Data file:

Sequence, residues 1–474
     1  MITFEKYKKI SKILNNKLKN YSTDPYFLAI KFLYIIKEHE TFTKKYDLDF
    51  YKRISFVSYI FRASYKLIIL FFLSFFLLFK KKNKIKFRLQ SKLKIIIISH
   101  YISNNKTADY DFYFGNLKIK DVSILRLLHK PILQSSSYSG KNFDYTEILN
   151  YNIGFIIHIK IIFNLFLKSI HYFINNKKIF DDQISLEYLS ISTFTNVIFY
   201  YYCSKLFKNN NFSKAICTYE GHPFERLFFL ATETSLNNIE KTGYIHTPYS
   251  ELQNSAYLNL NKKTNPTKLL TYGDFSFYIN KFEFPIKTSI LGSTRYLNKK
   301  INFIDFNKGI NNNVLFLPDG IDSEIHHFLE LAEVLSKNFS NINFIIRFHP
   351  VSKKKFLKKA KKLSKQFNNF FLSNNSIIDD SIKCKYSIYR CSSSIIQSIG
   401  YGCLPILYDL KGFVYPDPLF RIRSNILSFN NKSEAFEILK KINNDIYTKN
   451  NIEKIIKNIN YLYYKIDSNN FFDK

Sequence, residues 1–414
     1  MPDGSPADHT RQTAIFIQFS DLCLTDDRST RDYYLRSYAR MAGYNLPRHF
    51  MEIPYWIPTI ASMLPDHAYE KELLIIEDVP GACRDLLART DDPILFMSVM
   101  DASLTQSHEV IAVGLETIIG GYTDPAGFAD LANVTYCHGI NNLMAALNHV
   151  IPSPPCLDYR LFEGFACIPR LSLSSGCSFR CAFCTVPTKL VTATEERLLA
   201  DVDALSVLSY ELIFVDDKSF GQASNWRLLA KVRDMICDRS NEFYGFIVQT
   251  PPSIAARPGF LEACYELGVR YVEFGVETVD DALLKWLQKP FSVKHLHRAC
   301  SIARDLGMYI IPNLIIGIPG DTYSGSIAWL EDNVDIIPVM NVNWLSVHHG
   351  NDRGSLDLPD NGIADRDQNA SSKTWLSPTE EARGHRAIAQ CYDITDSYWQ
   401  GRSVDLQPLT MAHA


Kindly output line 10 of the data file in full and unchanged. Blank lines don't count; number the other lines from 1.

   401  YGCLPILYDL KGFVYPDPLF RIRSNILSFN NKSEAFEILK KINNDIYTKN